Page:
How would you have turned out if the teachers who taught you didn’t exist?
I’ve been pondering this idea over the past few days. Mr. K*, a former English teacher of mine passed away during the summer and I had attended his memorial two days ago.
I seem fine right now while you’re just reading text, but that day, I couldn’t get a clear sentence out to his wife because I was so full of raw emotion. It was the second memorial for his passing, arranged entirely by his former students at the school he taught at (and loved) for 36+ years.
This shows a lot– the fact that his students cared enough to organize a second memorial for him, and the fact that the auditorium was filled, with former students and graduates.
Mr. K was a gentle man with a honey-sweet voice and he never had a mean comment about anyone. I saw him frown once.
His impact on my life is amazing.
He started a minischool program which let students to graduate from highschool within 4 years. I was one of the lucky thirty students, and I would’ve attended a different school for five years, were it not for the program.
I probably wouldn’t have continued with my love for English were it not for him. I’ve always loved writing, but my teacher in elementary school had effectively squeezed the writing out of me with strict essays (and English rules that I disagree with even now).
Once I entered highschool, I only got As in English class, and always above 90%.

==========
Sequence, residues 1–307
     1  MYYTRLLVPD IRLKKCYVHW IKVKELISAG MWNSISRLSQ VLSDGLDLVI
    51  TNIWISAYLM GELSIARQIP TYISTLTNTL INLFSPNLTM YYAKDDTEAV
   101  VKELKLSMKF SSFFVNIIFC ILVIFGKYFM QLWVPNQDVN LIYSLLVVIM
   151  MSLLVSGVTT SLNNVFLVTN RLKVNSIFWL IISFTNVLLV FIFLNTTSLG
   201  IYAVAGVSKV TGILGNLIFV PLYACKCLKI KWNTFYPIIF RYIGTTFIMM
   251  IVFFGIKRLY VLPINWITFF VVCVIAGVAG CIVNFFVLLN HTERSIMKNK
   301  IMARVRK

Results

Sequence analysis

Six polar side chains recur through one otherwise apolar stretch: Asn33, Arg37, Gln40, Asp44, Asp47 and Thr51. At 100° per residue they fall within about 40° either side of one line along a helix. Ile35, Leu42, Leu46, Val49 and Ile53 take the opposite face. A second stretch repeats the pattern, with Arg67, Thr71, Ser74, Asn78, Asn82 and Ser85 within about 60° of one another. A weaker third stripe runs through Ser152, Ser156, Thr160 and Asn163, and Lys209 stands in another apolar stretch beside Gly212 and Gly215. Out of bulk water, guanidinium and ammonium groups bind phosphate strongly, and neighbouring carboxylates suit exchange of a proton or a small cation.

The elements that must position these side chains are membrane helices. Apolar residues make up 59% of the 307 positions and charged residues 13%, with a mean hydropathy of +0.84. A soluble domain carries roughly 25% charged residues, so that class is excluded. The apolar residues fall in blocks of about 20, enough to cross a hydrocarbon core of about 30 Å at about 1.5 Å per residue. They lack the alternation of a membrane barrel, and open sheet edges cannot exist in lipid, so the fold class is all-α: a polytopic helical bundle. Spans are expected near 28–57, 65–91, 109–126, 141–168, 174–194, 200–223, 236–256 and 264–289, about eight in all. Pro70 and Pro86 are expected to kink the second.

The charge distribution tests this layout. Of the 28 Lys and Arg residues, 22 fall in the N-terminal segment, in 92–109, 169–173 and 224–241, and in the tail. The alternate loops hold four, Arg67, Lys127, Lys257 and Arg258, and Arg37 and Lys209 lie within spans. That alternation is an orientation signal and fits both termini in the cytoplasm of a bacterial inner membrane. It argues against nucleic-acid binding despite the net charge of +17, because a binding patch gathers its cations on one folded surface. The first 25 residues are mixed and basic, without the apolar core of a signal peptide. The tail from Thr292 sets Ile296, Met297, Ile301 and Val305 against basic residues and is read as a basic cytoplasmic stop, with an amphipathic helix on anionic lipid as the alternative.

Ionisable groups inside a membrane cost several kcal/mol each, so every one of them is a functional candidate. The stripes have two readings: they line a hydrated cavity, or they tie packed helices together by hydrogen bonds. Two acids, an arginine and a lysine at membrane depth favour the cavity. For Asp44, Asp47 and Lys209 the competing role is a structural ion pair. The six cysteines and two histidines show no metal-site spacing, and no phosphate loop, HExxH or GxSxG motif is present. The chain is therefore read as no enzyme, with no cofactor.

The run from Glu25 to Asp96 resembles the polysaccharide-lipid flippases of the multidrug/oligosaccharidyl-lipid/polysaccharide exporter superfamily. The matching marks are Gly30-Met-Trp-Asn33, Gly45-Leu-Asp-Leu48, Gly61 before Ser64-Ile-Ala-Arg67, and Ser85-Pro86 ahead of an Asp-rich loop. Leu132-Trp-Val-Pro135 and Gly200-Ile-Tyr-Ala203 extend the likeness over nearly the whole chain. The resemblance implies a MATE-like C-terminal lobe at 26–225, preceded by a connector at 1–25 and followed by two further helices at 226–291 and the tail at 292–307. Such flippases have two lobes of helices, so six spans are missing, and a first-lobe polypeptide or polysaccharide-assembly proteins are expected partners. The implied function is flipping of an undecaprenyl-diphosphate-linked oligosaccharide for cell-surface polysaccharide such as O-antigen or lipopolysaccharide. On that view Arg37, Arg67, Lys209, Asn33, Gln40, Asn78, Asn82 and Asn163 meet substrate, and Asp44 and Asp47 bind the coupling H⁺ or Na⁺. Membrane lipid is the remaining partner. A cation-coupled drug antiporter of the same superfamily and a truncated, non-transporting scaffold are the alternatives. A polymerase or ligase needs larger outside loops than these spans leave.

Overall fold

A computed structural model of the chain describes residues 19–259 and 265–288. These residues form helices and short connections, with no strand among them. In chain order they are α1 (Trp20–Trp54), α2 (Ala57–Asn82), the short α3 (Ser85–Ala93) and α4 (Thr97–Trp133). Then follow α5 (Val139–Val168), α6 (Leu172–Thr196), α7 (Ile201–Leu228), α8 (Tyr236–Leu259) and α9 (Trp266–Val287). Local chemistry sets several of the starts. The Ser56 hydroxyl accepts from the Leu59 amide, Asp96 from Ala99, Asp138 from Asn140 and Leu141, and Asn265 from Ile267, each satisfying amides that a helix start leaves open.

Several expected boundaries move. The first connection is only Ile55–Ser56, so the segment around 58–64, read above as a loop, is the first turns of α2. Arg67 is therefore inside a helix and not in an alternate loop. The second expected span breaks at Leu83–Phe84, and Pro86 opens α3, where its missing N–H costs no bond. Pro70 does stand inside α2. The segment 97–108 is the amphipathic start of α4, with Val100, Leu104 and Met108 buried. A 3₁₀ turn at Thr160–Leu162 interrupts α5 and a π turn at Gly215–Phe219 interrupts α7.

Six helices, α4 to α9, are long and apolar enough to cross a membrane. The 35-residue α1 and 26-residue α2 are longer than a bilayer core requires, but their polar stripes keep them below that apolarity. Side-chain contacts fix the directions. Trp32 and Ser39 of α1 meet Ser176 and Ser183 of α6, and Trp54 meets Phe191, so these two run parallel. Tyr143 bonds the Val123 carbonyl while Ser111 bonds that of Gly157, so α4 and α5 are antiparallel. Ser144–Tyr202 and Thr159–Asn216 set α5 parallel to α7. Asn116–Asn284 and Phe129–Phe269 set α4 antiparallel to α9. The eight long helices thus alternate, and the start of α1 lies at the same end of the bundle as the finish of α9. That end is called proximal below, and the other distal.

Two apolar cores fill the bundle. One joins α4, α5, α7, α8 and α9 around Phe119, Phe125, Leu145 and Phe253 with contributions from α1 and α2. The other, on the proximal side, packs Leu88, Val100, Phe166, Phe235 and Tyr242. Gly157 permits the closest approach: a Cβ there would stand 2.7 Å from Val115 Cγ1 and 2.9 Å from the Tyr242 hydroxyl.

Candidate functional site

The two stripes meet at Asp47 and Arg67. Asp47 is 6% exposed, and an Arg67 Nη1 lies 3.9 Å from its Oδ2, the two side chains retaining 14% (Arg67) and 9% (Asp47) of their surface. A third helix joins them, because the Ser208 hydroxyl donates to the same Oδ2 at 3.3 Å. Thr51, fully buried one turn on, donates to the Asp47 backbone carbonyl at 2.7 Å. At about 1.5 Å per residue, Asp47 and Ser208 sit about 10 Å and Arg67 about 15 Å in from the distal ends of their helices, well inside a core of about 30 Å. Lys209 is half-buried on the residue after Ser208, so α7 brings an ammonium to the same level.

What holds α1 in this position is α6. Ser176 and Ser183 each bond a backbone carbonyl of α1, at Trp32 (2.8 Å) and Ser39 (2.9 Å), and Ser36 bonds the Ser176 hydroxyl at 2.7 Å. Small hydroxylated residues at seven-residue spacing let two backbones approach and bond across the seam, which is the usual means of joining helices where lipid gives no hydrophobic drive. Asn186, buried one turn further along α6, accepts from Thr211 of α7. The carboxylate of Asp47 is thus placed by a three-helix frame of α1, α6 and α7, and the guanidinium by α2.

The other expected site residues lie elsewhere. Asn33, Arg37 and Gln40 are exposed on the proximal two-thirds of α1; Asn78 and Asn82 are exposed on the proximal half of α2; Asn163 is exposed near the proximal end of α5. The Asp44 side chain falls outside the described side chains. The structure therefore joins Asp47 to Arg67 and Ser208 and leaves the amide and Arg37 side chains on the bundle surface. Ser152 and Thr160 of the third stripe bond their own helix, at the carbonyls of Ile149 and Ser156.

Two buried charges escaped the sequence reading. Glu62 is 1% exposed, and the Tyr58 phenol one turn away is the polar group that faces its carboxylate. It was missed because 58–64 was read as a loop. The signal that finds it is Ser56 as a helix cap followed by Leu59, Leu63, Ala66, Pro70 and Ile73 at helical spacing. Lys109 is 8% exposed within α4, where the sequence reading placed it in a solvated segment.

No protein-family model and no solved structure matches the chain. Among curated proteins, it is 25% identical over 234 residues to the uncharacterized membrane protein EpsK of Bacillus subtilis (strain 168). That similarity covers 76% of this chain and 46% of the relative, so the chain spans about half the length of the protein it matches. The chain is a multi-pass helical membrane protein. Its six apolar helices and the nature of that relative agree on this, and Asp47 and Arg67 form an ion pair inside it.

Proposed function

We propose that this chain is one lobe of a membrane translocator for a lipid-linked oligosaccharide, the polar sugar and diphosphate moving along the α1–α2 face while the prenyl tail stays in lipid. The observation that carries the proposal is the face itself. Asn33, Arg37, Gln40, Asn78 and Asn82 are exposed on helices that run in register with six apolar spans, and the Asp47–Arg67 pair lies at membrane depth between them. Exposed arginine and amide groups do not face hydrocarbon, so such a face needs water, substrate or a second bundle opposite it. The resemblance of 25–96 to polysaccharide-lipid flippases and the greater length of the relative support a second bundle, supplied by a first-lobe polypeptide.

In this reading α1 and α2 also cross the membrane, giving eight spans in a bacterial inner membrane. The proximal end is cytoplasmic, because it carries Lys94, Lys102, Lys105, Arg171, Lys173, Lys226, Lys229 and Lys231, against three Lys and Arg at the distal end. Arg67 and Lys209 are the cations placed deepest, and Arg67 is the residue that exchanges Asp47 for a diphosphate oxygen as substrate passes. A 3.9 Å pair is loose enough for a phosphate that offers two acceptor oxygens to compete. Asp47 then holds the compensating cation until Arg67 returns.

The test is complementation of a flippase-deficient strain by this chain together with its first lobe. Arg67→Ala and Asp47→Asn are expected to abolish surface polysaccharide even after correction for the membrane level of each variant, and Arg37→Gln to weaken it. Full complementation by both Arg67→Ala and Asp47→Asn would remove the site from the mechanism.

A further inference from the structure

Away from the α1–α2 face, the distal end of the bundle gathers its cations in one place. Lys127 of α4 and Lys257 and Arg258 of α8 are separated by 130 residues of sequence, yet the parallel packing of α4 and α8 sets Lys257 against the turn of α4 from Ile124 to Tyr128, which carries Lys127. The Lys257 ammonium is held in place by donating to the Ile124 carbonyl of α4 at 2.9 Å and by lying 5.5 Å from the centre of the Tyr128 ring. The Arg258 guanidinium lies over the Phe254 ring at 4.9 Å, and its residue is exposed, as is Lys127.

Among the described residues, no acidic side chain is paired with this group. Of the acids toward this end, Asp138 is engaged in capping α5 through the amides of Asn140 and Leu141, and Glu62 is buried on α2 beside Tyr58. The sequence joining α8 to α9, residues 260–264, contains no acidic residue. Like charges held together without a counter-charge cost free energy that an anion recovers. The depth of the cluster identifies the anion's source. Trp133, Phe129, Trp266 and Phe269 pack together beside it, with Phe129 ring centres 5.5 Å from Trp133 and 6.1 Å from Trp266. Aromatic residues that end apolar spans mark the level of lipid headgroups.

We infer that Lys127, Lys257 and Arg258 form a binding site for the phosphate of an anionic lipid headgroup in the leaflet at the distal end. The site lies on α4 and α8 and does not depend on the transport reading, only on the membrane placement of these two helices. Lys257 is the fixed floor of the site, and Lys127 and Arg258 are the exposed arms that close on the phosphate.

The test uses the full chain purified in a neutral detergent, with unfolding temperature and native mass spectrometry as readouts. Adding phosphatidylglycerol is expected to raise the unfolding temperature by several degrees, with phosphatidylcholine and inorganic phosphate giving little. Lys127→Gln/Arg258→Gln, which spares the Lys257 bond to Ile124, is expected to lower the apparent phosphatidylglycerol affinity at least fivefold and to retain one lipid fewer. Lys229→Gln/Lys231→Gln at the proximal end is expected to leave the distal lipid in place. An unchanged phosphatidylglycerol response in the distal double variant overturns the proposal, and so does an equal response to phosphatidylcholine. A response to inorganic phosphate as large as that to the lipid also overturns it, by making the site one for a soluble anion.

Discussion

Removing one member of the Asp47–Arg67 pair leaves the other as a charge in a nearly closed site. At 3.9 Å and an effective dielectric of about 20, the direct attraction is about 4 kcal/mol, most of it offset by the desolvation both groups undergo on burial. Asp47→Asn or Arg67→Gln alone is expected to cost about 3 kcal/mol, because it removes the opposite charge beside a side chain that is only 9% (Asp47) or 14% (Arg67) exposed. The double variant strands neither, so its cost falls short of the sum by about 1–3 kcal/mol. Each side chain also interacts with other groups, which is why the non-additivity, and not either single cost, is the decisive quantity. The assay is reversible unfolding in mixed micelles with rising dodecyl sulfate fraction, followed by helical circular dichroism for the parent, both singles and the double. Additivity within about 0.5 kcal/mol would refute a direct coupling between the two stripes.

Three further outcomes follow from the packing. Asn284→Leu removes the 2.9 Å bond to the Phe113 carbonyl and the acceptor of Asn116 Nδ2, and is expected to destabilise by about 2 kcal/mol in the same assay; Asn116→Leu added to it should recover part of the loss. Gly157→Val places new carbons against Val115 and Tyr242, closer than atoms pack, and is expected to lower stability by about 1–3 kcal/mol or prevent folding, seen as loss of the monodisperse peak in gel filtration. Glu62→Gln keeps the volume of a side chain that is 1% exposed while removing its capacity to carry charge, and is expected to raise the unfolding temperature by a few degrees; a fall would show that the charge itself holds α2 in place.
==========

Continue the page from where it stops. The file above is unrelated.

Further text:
Mr. K was my very first English highschool teacher. We wrote journals at the start of every class, and it was then that I realized I’d forgotten the joy of writing, just writing.
And there’s something I told his wife that day, something profound that he gave me, something that I’ll always have.
He taught me the values of teaching: teachers offer students a buffet of knowledge, and students are free to take what they want. This type of thinking is valuable because it takes the stress off the teacher. And ultimately, it’s true– students can learn as much or as little as they want.
I’ll never forget the way Mr. K read Prometheus. As I spoke to his wife, I imagined every little action she described because it was just so typical of him, how he’d read through yearbooks at home to ‘see’ his students again, how he verbally expressed that he missed his students and being at school, and his smile when he mentioned his students. How the school was his second home, the students his children.
To this day, I still love writing, reading, and music. English is as fundamental as music, to me.
Mr. K makes a difference in my life. He helped me rediscover the value in prose, raw prose.
And he certainly lived so that people are crying while he is smiling, for his passing.
I wrote this post in about one hour, with just one draft, not caring who’s going to read it or why. I wrote it just for the sake of writing and honoring the great man.
I hope we all see the value in learning from others before it is too late.
Most of the time, it’s the subtle, profound lessons that matter most. I didn’t realize how much I’d learned from Mr. K until now.
Today is World Teachers’ Day, but even if it’s not, I encourage you to let your teachers know how much they matter– even a simple ‘thank you’ or a handwritten card will touch their hearts.
Your teachers might teach you piano, or theory, or mentor you, but the best lessons that you’ll learn from them are the ones about life. Even family members can be your teachers.